by Christine T. Cowie, Nectarios Rose, Wafaa Ezz, Wei Xuan, Adriana Cortes-Waterman, Elena Belousova, Brett G. Toelle, Vicky Sheppeard, Guy B. Marks
The construction of a new road tunnel in Sydney, Australia, and concomitant reduction in traffic on a major road presented the opportunity to study the effects of this traffic intervention on respiratory health. Methods
We made measurements in a cohort of residents in the year before the tunnel opened (2006) and in each of two years afterwards (2007–2008). Cohort members resided in one of four exposure zones, including a control zone. Each year, a respiratory questionnaire was administered (n?=?2,978) and a panel sub-cohort (n?=?380) performed spirometry once and recorded peak expiratory flow and symptoms twice daily for nine weeks. Results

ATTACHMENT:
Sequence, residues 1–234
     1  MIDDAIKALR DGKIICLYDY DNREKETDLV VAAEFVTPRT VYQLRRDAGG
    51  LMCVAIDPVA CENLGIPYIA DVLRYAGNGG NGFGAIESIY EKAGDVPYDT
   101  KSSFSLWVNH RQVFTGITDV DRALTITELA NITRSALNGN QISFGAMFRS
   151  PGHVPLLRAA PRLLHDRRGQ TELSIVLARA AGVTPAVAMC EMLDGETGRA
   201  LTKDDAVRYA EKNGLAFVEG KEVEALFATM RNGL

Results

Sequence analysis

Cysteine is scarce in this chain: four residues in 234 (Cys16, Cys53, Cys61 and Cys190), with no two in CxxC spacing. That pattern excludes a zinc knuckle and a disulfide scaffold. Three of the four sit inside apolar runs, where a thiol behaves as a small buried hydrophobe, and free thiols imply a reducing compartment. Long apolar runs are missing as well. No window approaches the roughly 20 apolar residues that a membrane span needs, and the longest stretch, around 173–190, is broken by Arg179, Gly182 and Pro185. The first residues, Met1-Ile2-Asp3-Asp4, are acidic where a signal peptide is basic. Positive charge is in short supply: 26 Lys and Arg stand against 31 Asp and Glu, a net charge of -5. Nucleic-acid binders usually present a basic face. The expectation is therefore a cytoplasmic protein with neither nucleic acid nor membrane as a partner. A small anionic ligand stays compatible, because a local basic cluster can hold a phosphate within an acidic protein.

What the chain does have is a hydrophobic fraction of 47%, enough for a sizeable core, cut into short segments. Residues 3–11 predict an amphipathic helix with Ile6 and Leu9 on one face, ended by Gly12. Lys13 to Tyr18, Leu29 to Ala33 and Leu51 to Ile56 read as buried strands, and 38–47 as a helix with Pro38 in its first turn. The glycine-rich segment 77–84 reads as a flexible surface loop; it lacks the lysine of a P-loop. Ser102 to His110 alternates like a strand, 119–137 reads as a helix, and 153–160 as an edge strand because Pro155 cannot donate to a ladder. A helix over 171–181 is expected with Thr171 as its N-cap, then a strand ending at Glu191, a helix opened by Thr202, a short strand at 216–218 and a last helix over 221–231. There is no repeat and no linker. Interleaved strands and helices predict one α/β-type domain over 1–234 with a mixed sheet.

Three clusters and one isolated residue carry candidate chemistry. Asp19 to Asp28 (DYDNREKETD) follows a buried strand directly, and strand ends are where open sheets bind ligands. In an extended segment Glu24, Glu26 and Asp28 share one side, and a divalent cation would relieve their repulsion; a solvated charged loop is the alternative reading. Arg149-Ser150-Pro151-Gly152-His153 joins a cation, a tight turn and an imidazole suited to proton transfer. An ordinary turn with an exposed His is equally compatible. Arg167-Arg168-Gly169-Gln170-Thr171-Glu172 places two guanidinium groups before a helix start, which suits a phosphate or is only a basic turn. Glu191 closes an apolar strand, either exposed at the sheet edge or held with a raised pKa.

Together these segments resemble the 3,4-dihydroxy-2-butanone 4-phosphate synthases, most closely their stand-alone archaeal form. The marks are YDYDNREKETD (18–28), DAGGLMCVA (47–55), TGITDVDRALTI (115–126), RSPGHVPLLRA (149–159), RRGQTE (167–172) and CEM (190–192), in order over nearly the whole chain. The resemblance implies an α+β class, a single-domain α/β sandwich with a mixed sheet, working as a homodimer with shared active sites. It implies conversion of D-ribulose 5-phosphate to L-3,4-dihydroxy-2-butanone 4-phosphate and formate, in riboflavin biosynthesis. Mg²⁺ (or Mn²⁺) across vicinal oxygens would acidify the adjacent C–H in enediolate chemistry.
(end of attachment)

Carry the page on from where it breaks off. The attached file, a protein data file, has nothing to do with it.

There was no consistent evidence of improvement in respiratory health in residents living along the bypassed main road, despite a reduction in traffic from 90,000 to 45,000 vpd. Residents living near tunnel feeder roads reported more upper respiratory symptoms in the survey but not in the panel sub-cohort. Residents living around the tunnel ventilation stack reported more upper and lower respiratory symptoms and had lower spirometric volumes after the tunnel opened. Air pollutant levels measured near the stack did not increase over the study period. Conclusion
The finding of adverse health effects among residents living around the stack is unexpected and difficult to explain, but might be due to unmeasured pollutants or risk factors or an unrecognized pollutant source nearby. The lack of improvement in respiratory health among people living along the bypassed main road probably reflects a minimal change in exposure due to distance of residence from the road.